It must be borne in mind in considering this exception that the employment of counsel, and the taking of an appeal by the trustees, had received antecedent authorization by the Court, in which jurisdiction was being exercised over the fund.
In their petition the heirs of Mrs. Donovan endeavored to entirely break down and destroy the trust which she had attempted to create, to dispossess the trustees, and to secure to themselves the property which had been conveyed by her deed. Under such circumstances it was not only proper, but the plain duty of the trustees to avail themselves of apt legal means to sustain the then existing trust. Not to have done so would have been a derelicition of duty upon their part. It was not merely a contest between two parties to settle their rights inter sese, but one which had for its object the annihilation of the trust in toto.
Nor at that time was it possible for the trustees to know what might be the attitude of persons claiming to be interested in the property, nor even who might ultimately be held entitled to the property. Such a claim might even extend, as does that of the present petitioner, the American Colonization Society, to the destruction of the trust, and the appropriation, not merely of the income of the estate, but the corpus as well. As to all parties, therefore, the trustees had a clear duty to perform, which could only be performed by the aid of able and experienced counsel.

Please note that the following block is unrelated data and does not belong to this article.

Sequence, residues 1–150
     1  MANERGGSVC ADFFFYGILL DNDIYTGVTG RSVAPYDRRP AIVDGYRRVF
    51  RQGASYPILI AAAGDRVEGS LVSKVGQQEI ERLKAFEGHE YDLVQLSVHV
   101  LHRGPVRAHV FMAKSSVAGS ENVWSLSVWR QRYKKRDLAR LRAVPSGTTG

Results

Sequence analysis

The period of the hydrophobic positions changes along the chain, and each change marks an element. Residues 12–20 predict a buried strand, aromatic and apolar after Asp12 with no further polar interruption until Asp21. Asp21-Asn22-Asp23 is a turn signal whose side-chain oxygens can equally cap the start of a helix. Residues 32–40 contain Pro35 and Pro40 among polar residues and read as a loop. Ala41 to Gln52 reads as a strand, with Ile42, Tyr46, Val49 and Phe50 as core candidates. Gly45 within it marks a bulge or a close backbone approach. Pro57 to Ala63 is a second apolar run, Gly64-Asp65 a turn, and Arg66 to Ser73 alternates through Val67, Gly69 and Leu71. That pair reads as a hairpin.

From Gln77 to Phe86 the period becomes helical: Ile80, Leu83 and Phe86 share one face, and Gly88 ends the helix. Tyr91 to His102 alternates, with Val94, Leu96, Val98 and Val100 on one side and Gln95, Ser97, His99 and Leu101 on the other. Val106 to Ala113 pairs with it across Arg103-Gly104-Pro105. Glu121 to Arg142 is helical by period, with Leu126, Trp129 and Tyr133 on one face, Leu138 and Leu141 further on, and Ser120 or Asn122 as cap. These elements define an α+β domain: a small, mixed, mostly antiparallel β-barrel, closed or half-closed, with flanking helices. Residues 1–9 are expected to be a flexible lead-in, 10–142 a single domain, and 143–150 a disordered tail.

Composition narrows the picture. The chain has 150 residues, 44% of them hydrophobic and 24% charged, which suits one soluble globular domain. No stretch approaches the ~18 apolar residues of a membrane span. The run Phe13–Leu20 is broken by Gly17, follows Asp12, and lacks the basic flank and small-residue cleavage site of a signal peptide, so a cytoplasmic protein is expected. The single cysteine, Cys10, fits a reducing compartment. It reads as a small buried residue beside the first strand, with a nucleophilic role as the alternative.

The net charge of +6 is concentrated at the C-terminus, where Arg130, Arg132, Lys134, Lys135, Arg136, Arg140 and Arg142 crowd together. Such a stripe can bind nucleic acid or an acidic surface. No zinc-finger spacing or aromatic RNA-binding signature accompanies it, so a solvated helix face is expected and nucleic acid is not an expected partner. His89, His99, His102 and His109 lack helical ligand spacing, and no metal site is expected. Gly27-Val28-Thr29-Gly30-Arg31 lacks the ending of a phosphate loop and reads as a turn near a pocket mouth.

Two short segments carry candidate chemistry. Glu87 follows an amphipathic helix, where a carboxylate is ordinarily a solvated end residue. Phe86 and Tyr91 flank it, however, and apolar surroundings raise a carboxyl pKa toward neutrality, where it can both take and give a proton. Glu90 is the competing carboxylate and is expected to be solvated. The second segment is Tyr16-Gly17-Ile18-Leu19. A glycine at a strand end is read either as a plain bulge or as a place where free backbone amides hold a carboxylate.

The case of Warburton v. Robinson, 113 Md. 24, cited by the appellant in this appeal, is hardly in point, as the appeal in that case was dismissed for technical reasons, incident to the delay in the transmission of the Record, and the facts disclosed in the Record were entirely dissimilar from those appearing in this case.